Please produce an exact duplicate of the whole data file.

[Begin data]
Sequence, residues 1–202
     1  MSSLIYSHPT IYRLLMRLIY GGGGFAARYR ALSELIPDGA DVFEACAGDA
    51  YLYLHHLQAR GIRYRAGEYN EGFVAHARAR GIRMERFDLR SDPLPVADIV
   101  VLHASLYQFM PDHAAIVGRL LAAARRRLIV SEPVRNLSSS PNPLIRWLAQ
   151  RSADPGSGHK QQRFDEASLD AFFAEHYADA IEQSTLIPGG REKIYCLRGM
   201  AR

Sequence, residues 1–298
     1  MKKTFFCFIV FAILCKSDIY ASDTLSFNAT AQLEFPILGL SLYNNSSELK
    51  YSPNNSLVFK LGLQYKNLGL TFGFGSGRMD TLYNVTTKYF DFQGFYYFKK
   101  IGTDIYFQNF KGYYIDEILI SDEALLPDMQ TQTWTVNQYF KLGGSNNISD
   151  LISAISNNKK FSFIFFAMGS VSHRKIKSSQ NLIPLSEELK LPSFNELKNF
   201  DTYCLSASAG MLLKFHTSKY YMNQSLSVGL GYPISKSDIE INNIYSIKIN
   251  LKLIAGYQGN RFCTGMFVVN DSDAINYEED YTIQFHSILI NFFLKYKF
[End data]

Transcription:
Sequence, residues 1–202
     1  MSSLIYSHPT IYRLLMRLIY GGGGFAARYR ALSELIPDGA DVFEACAGDA
    51  YLYLHHLQAR GIRYRAGEYN EGFVAHARAR GIRMERFDLR SDPLPVADIV
   101  VLHASLYQFM PDHAAIVGRL LAAARRRLIV SEPVRNLSSS PNPLIRWLAQ
   151  RSADPGSGHK QQRFDEASLD AFFAEHYADA IEQSTLIPGG REKIYCLRGM
   201  AR

Sequence, residues 1–298
     1  MKKTFFCFIV FAILCKSDIY ASDTLSFNAT AQLEFPILGL SLYNNSSELK
    51  YSPNNSLVFK LGLQYKNLGL TFGFGSGRMD TLYNVTTKYF DFQGFYYFKK
   101  IGTDIYFQNF KGYYIDEILI SDEALLPDMQ TQTWTVNQYF KLGGSNNISD
   151  LISAISNNKK FSFIFFAMGS VSHRKIKSSQ NLIPLSEELK LPSFNELKNF
   201  DTYCLSASAG MLLKFHTSKY YMNQSLSVGL GYPISKSDIE INNIYSIKIN
   251  LKLIAGYQGN RFCTGMFVVN DSDAINYEED YTIQFHSILI NFFLKYKF